Gilles Cistac was known as a sharp critic of the ruling FRELIMO party, he published his opinion in several oppositional media, despite the fact that he claimed to be independent and not affiliated to any political party. He criticised the constant violation of human rights in Mozambique, the appropriation of the state bureaucracy by the FRELIMO, the concentration of the state's executive power and the weak public prosecution.[14][15]

After the general elections in 2014 the main opposition party, RENAMO, protested heavily against the results. Especially, the RENAMO claimed to govern the provinces, in which the party won the majority of votes. At the moment, the central government nominates the governors of the provinces. RENAMO leader Afonso Dhlakama demanded the creation of so-called "Autonomous Provinces" and a subsequent constitutional devolution. The FRELIMO party, especially Mozambique's president Filipe Nyusi, denied these requests and called them "unconstitutional". Gilles Cistac contradicted Nyusi and said that, according to Mozambique's constitution, it was possible to create subaltern hierarchies. Cistac prepared a legislative proposal for the RENAMO, which is going to be discussed in the national Parliament.[16]

After publishing his opinion about the possibility of creating "Autonomous Provinces" several media close to the FRELIMO party criticised him for his opinions.[17][18] The spokesperson of the FRELIMO, Damião José, called Cistac a "liar" and being "dishonest", as well as blaming him not being thankful to the Mozambican people who accepted him "friendly".[19]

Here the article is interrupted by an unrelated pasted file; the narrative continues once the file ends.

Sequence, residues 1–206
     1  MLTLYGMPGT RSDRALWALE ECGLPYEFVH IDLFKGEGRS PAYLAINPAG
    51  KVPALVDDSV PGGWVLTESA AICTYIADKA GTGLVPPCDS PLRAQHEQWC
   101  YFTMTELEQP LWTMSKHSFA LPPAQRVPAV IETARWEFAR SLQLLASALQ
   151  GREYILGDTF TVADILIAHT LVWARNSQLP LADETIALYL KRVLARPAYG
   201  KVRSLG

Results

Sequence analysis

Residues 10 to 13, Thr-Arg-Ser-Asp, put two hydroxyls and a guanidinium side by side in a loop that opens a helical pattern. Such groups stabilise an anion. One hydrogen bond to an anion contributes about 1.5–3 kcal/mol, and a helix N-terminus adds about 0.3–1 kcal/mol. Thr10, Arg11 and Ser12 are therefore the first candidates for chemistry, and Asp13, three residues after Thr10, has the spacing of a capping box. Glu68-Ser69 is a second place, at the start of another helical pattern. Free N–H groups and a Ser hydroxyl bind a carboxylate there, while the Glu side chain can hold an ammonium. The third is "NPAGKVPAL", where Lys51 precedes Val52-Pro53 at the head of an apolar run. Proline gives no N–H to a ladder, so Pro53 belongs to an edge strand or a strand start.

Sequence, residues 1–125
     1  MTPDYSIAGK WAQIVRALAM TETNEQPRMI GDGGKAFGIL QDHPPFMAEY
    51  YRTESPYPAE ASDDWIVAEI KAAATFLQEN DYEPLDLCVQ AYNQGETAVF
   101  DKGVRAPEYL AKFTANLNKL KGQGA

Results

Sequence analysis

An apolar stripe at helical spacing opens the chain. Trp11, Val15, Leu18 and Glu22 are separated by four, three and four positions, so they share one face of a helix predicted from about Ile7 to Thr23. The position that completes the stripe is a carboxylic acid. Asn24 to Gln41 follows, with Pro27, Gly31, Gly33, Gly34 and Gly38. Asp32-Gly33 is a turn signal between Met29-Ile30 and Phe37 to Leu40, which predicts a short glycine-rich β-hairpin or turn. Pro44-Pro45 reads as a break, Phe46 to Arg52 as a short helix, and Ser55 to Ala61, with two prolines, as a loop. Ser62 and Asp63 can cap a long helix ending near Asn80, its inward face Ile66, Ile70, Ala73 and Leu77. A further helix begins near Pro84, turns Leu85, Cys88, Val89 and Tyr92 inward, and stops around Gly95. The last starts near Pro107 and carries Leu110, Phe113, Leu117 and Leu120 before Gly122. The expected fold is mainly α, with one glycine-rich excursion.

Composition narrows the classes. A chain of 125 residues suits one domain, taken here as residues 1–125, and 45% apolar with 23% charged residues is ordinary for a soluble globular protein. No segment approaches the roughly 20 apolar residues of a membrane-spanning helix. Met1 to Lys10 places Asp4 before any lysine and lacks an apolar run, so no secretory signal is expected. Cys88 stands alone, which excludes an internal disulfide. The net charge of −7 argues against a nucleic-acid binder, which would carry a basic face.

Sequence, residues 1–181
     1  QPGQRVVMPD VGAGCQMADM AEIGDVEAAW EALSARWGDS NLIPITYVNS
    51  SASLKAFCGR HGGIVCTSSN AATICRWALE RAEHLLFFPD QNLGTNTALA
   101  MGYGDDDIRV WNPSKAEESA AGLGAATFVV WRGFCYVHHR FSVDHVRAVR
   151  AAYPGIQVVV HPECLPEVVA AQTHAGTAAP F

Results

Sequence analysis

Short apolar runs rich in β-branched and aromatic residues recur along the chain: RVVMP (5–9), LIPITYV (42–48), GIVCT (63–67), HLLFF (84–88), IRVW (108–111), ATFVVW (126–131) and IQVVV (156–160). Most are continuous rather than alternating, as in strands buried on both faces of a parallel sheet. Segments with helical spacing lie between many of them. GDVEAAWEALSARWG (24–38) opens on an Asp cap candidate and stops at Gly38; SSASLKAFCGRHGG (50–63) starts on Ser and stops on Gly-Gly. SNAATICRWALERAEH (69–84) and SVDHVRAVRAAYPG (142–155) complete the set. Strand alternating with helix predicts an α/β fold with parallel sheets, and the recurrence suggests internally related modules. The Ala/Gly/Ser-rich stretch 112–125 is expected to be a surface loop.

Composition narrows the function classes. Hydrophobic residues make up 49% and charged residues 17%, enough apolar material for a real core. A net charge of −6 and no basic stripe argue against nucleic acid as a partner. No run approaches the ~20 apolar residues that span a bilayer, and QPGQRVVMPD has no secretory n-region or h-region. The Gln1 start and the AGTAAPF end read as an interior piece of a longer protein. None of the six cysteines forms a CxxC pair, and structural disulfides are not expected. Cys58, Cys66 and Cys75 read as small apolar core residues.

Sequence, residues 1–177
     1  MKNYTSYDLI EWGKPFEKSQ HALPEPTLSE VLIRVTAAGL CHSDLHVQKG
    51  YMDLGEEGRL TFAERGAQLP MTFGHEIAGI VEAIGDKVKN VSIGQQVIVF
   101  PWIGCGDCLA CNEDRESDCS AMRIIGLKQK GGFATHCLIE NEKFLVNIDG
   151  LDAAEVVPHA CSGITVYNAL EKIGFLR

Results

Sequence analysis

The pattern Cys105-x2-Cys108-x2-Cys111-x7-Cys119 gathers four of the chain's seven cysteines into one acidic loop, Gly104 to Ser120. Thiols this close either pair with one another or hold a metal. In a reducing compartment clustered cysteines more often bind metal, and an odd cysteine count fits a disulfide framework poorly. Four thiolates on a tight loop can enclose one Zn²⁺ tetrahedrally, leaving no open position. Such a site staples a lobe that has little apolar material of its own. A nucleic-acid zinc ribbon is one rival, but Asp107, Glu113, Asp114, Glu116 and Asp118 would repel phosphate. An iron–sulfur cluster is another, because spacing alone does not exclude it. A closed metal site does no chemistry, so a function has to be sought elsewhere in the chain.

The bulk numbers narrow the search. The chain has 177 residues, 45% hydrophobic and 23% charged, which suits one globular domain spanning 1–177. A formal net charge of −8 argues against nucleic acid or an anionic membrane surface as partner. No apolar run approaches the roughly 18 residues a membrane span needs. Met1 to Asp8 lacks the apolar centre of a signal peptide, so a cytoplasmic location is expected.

Publication[edit]

Gilles Cistac published more than 50 works about Mozambican law.

  • O direito eleitoral moçambicano – Le droit électoral mozambicain (1994)
  • O tribunal administrativo de Moçambique (1997)
  • Aspectos jurídicos, económicos e sociais do uso e aproveitamento da terra (2003)
  • Turismo e desenvolvimento local (2007)
  • 10 anos de descentralização em Moçambique : os caminhos sinuosos de um processo emergente (2008)
  • Direito processual administrativo contencioso teoria e prática (2010)
  • Manual Prático de Jurisprudência Eleitoral (2011), ISBN 978-9896700263
  • Aspectos jurídicos da integração regional (2012), ISBN 978-9896700317

References[edit]

  1. ^ Daniel Hourquebie (2015-03-05). "Gilles Cistac, «un homme de dialogue qui aimait la vie»". La Depêche (in French). Retrieved 2015-03-14.
  2. ^ a b "UEM exalta feitos do Professor Gilles Cistac em velório" (in Portuguese). Universidade Eduardo Mondlane. 2015-03-11. Retrieved 2015-03-14.